The 'I the Heights' helmer is disgusted by the casting scam for the sequels of the 2018 hit film, calling it a 'direct attack' to Asian American actors pursuing 'this dream that they never thought was possible before.'

AceShowbiz - Jon M. Chu is sending a stern warning to those who attempt to scam Asian American actors hoping to land parts in the upcoming sequels to his 2018 film "Crazy Rich Asians". The director has hit hack at a Twitter user who posted a fake casting call for "China Rich Girlfriend" and "Rich People Problems".

Taking to the blue bird application, Chu wrote on Thursday, April 30, "Advice for actors out there: if ANYONE ever asks you to PAY MONEY to audition it's a scam." He added to the scammer, "Also don't mess with Asian actors during our surge or we will bite back!!"

'Crazy Rich Asians' Director Jon M. Chu Sends Warning to Casting Scammer

Jon M. Chu responds to 'Crazy Rich Asians' sequels casting scam.

Chu's tweet was in response to a fake casting call posted by a user named Alan Baltes, who falsely claimed that the supposed "Crazy Rich Asians" sequels opened "live Zoom auditions" for "new lead roles" in the upcoming movies.

The fake casting notice said that the movies were looking for Asian actors, ages 20s through 40s, for the lead roles, and a Caucasian female between ages 25-35 for another part. The post asked that talent who wanted to be considered pay Baltes a $99 "submission fee" via Google Pay or Venmo.

Chu, who was alerted about the notice when he was tagged in a tweet, said he subsequently notified Twitter and flagged Warner Bros.' legal department. After posting his own reaction, the 40-year-old helmer said he was promptly blocked by Baltes on Twitter.

Speaking to Variety, Chu said he was appalled by the attempt to scam acting hopefuls. "I kept reading it, and when it said '99 dollars,' I was like, 'This is f***ed up,' " he recalled. "There's so many scams like that in L.A. anyway and to actually target, specifically, Asian actors, was very frustrating."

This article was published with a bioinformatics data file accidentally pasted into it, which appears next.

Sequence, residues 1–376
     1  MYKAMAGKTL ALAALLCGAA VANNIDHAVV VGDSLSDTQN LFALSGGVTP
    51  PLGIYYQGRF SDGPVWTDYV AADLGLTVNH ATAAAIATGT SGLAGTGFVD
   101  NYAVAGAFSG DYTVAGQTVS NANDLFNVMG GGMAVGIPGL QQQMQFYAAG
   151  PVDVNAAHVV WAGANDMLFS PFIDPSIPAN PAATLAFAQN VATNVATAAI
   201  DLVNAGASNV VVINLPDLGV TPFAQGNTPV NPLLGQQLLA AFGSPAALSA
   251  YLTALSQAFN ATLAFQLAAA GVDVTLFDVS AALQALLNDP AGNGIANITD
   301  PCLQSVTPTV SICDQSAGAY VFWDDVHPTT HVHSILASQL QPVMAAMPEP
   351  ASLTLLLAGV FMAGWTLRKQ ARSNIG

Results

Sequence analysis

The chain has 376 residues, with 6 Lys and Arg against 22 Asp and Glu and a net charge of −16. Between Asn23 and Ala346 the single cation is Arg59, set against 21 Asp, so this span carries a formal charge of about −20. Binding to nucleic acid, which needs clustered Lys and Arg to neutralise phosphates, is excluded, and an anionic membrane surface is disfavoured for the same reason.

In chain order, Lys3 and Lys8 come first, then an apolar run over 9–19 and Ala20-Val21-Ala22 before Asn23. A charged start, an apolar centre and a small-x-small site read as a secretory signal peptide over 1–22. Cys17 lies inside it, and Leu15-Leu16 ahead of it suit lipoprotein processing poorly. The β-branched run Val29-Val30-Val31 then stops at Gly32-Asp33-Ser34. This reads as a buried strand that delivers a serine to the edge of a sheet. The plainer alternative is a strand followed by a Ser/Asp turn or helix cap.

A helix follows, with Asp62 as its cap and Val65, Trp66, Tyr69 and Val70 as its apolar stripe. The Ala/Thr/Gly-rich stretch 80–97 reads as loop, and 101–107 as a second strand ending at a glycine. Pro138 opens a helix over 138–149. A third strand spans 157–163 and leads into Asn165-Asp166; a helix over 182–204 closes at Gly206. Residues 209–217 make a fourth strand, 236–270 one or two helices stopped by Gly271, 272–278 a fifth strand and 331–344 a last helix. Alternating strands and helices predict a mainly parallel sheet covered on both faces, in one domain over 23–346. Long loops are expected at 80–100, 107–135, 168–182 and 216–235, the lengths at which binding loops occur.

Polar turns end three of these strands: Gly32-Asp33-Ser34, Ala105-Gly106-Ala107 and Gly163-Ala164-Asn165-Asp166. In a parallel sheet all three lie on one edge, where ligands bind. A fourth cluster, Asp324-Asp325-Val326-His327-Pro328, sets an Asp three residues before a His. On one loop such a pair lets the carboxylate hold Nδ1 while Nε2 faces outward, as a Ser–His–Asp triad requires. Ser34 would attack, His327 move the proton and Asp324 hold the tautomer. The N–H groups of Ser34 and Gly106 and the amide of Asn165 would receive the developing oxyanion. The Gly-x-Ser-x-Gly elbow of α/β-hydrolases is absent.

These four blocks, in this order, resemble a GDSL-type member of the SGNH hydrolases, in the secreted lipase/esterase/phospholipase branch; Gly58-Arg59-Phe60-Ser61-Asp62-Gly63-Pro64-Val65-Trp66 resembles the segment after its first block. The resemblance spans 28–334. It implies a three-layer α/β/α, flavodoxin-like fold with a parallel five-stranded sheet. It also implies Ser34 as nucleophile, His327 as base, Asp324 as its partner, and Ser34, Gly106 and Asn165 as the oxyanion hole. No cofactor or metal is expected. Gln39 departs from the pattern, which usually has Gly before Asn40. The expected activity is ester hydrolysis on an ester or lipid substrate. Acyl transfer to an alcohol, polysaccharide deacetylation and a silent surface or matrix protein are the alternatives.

"Asian American actors finally get the opportunity or the hope that there are roles and parts out there. People have this light inside of them to pursue this dream that they never thought was possible before, and to take advantage of that and know that you can take $99 for a fake audition is just disgusting," he expressed his dismay.

"To put on top of that this time, when we're being othered and we're being attacked on the streets, is even more disgusting," Chu, who has worked on upcoming musical drama "In the Heights", added.

Baltes' Twitter account has since been deactivated. He said in an email to Variety that he posted the fake casting call after "someone sent me the information and was misrepresenting himself as being with casting. The person is no longer in contact with me after I inquired further. They were attempting to get me to send them money for casting calls."

Baltes, who claims to be an actor, casting associate and talent agent, also said that no money had been paid in regards to the fake casting call. When asked who had supplied him with "false information," he replied, "I no longer have the information as it was on my Twitter and my account was deleted."

This is not the first time though that Baltes has been linked to an attempt to solicit money for "submitting" talent for auditions in big movies. In 2018, Twitter users notified director Colin Trevorrow over a similar casting notice for a "Jurassic World: Fallen Kingdom" sequel, which is now called "Jurassic World: Dominion", where Baltes asked for a $99 audition fee. Trevorrow said at the time, "Anyone who requests money for an audition isn't on the level."

As for the pre-production of "Crazy Rich Asians" sequels, Chu said, "We're so far from it. We don't have a casting director. We have never said, 'Hey, let's look at people who are out there.' We've done zero." He added, "We don't even have a script."

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